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Run Retro Games On Phone, Tablet And PC (Part 3)

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5/13/2014 5:08:33 PM

Modern technology is all very well, but old-school entertainment still has its charms. Dave Stevenson takes a step back in time.

One last notable emulator worth mentioning is ScummVM, which doesn’t simulate a particular computer at all, but is rather an open-source implementation of the game engine that underpins dozens of 1990s point-and-click adventure games - including Indiana Jones and the Fate of Atlantis, Sam and Max Hit the Road, Full Throttle and the classic Secret of Monkey Island. All you need to run Scumm games is the emulator and the original data files. You can obtain these by buying an old CD-ROM on eBay - expect to pay between $17 and $50 - or download free and demo games.

One last notable emulator worth mentioning is ScummVM

One last notable emulator worth mentioning is ScummVM

Finding games

Although DOSBox and ScummVM can work with original game discs, most emulators can’t use the original media - after all, there’s nowhere to plug a game cartridge into a modern PC. To play a game you therefore need to obtain a soft copy of the program data, called a ROM file. ROMs are often surprisingly small - only a few megabytes in many cases, but the question of legality is a thorny one.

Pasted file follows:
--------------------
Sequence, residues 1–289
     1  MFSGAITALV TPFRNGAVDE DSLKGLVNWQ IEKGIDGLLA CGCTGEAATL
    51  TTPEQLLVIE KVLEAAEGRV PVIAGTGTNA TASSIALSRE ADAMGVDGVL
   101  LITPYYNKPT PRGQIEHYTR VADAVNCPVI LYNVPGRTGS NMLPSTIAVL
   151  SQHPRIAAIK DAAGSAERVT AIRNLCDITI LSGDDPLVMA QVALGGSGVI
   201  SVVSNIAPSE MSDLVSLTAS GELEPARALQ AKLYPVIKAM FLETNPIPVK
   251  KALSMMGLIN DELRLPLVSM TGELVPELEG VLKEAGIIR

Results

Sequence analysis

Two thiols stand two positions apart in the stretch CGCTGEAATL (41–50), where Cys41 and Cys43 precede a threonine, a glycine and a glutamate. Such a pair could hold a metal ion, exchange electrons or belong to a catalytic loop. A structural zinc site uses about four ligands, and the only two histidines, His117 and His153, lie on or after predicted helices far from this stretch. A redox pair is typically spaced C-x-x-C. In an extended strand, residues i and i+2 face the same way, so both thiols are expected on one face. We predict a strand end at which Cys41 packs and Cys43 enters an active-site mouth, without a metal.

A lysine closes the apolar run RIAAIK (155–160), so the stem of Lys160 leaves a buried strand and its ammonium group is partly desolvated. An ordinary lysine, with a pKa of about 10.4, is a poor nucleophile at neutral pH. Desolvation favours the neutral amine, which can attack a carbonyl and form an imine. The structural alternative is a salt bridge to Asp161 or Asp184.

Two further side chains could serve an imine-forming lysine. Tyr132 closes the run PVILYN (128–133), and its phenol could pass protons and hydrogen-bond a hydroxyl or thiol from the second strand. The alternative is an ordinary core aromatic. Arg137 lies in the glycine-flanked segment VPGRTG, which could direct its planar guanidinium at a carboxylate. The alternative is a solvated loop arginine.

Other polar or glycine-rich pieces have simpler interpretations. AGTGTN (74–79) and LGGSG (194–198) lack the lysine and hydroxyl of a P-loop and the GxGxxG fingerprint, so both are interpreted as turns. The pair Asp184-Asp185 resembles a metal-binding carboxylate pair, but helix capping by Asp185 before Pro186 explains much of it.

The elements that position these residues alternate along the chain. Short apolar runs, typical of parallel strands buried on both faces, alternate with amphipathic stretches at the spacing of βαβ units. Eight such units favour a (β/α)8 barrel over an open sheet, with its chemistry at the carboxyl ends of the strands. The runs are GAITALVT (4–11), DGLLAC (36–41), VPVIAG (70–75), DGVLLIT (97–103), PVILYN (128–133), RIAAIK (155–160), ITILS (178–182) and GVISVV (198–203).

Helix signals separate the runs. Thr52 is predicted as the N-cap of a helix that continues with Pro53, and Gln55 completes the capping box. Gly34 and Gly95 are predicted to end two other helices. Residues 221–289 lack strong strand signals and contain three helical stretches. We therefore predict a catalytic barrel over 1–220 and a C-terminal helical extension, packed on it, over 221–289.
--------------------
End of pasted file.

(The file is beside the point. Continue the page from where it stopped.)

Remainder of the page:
Following a change in the law in 2012, British owners of ebooks, CDs and films are permitted to make digital copies of their content, as long as they don’t circumvent DRM technology. This means that if you own a game cartridge, you can legally dump its contents to your PC using a device such as the Retrode, a USB-based reader for Super Nintendo and Sega Megadrive cartridges.

you can legally dump its contents to your PC using a device such as the Retrode

You can legally dump its contents to your PC using a device such as the Retrode

This isn’t terribly convenient, however, or cheap: the Retrode costs $65, and has been produced in limited quantities. A much easier approach is to download ROM files from online archives, which you can easily find with Google. Unfortunately, downloading a ROM file from a site such as this is considered copyright infringement. The same is true for “abandonware” -software so old that the copyright holder no longer sells or supports it. While you’re unlikely to get in trouble for nabbing a long-forgotten game, some titles represent trademarks that are still exploited today, such as the 25-year-old original Prince of Persia.

A final word of warning: not only is downloading console ROMs legally problematic, it’s also risky. Not every big link marked “Download” on these sites links to the file you’re looking for. Some ROM sites use underhand tricks to get you to visit sponsored sites, and one ROM site in particular is notorious for hectoring you into using its bespoke downloader, which then tries to install bogus software on your PC alongside the file you’re actually after.

the original 1981 version of Pac-Man

The original 1981 version of Pac-Man

There is a truly free alternative. The Internet Archive operates a project called The Old School Emulation Center (TOSEC), which archives classic games for a number of old systems in the name of preserving classic code in an accessible format. For those averse to downloading emulators, there’s even in-browser emulation for several platforms, allowing you to play, for example, the original 1981 version of Pac-Man as it was on the Atari 2600.

 

 

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